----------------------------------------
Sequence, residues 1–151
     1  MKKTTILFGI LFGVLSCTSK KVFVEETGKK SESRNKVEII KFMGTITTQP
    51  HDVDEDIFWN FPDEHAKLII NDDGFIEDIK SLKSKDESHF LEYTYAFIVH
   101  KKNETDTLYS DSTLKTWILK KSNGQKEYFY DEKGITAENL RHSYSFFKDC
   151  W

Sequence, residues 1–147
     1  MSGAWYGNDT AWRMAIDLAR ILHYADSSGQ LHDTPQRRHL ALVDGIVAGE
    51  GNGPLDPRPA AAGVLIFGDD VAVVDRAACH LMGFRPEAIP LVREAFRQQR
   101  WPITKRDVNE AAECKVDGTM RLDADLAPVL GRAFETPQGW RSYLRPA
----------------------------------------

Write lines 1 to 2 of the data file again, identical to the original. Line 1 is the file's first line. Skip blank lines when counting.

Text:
Sequence, residues 1–151
     1  MKKTTILFGI LFGVLSCTSK KVFVEETGKK SESRNKVEII KFMGTITTQP